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Sunday, October 26, 2008

Truffle Season

It's truffle season and Aroma Thyme Bistro in Ellenville NY is getting weekly shipments.

Marcus Guiliano, chef/owner of Aroma Thyme Bistro was quoted in the following article.
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Tastings: Eat truffles, drink nebbiolo, spare no expense

“Truffles lend themselves to almost anything, and a little will go a long way,” says Marcus Guiliano of Aroma Thyme Bistro.iStock

If you ask a hard-core foodie what his favorite season is, don't expect the typical "summer" or "fall" for an answer.

There's a very good chance he'll say "truffle." Truffles, those famed and jarringly expensive little tubers, are in season right now, and the most famous truffle market in the world — the White Truffle Market in Alba, Italy — is in full swing. The more robust black winter truffles, found mostly in France and northern Italy, are also at market.


In the kitchen

"As a chef, I just can't pass on these culinary gems," says Marcus Guiliano of Aroma Thyme Bistro in Ellenville. "I have seen them for three weeks now. And every week the quality seems to improve."

When serving truffles, simplicity is key

Tim Free, the wine consultant at Mid-Valley Wines and Liquors and a graduate of the famed Culinary Institute of America, says the most enjoyable concoctions involving white truffles are the simplest.

"The flavor is so intense that it's a shame to complicate the food with truffle-competing flavors," he says. "If you can get fresh white truffles, try them shaved on simple, buttered pasta - very thin, fresh, high egg-content pasta is best - or on scrambled eggs."

If you can't find fresh white truffles, or don't want to pay the extremely high price they command, toss the pasta with truffle oil.

Another famous dish from Piedmont, the Italian region where most white truffles are found, is fonduta, a mixture of local fontina cheese and milk, heated slowly with egg yolks until thickened, then garnished with a poached egg. "Of course, the final touch is shaved white truffle," Free says.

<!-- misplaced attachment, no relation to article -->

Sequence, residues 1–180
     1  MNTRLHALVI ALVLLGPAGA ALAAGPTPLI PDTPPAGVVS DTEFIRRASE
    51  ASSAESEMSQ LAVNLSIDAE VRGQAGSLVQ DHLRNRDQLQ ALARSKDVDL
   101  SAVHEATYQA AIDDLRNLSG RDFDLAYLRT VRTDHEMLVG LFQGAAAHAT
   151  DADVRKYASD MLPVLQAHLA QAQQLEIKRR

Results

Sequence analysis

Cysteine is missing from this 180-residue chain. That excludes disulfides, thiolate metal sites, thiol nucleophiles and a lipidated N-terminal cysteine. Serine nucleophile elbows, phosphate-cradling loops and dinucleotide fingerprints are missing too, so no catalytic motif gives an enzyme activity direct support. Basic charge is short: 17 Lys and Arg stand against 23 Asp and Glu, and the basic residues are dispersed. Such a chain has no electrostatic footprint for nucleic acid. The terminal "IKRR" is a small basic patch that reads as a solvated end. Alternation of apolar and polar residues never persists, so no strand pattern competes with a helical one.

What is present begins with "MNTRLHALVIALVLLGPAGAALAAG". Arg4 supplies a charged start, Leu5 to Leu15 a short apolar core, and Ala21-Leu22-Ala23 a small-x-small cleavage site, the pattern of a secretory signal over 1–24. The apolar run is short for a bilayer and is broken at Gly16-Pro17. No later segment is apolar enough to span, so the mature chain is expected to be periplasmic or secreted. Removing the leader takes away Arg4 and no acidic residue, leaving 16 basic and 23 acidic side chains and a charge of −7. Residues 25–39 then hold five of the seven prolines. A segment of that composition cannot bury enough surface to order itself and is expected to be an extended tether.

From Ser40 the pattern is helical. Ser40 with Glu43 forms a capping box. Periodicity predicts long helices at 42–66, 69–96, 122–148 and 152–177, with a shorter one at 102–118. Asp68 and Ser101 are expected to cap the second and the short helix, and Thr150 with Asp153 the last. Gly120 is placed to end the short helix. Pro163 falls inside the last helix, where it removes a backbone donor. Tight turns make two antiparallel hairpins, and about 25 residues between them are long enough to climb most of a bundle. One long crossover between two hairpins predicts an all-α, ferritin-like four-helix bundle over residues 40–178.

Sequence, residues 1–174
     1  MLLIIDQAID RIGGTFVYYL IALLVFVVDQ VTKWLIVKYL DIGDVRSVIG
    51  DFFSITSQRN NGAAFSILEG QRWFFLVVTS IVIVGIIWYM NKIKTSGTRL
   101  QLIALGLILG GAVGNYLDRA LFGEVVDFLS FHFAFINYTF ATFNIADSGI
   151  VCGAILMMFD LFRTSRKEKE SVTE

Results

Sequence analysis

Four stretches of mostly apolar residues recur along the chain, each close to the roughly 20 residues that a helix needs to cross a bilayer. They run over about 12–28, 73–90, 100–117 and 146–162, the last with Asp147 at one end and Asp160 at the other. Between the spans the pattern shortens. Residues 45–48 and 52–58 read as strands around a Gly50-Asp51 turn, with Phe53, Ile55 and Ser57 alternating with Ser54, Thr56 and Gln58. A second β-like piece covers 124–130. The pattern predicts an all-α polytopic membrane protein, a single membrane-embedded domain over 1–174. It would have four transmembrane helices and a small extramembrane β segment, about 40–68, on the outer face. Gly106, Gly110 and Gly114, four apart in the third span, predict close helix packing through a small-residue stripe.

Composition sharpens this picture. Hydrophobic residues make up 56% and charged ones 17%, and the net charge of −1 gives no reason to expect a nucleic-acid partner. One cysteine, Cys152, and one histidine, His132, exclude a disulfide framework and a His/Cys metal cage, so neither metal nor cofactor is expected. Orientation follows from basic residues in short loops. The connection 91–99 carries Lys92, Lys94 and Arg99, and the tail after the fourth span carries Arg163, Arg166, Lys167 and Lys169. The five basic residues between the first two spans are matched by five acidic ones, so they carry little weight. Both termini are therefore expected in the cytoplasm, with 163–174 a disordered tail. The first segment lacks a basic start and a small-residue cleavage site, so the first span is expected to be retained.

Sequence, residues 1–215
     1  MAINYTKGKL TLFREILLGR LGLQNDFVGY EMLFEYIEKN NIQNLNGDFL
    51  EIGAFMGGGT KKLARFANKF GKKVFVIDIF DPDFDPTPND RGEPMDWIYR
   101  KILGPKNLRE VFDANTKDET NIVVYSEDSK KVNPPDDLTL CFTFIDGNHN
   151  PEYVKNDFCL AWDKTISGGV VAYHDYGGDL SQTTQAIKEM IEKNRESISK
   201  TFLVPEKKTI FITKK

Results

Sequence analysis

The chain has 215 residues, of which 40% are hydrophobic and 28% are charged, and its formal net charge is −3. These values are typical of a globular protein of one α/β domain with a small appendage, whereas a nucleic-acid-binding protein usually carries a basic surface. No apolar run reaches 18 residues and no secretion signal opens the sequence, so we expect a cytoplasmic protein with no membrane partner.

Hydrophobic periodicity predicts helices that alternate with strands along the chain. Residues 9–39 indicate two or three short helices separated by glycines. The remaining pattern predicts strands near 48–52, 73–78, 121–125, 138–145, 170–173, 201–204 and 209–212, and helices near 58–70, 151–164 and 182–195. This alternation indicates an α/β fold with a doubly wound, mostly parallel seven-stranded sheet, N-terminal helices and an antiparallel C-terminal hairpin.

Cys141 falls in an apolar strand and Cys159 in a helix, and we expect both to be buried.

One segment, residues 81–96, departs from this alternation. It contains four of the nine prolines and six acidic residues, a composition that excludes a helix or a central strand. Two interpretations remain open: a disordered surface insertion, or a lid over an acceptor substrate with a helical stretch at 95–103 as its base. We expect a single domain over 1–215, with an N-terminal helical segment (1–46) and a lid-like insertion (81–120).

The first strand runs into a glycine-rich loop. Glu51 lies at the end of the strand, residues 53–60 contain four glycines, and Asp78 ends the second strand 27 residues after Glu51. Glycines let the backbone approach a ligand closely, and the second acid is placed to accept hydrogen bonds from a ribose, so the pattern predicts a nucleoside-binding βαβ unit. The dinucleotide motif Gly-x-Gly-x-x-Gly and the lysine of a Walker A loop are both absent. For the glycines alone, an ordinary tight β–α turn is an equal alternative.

Free offers this simple recipe using truffle oil which, he says, "is not cheap, but it's a whole lot cheaper than fresh truffles, and good oils have a similar intensity of flavor."

Zuppa di Fontina

1 pound Fontina Val d'Aosta cheese. ("My rule for three-ingredient recipes is that all of the ingredients better be top-notch," Free notes. "Buy genuine Fontina Val d'Aosta, not the imitations on the market.")

1 small loaf French or Italian bread, sliced in rounds and toasted

2½ cups chicken stock

Preheat oven to 250 F.

In a saucepan, bring stock to simmer and season. Slice fontina thinly. Layer the toast in a large earthenware/ceramic ovenproof dish. Top with a layer of cheese, and continue layering until ingredients are used up. Pour stock over the bread and cheese. Place in preheated oven for 10 minutes. Serve immediately. Serves 6-8.

Cooking with truffles, says Guiliano, is a treat, and he's currently pairing truffles with Alaskan Halibut and Lobster Sauce. But he notes that in truffle country the locals shave truffles over the simplest of foods, such as scrambled eggs. Truffle risotto and angel hair pasta with extra virgin olive oil and truffles are also classic.

"Truffles lend themselves to almost anything, and a little will go a long way," Guiliano says.


Look to Italy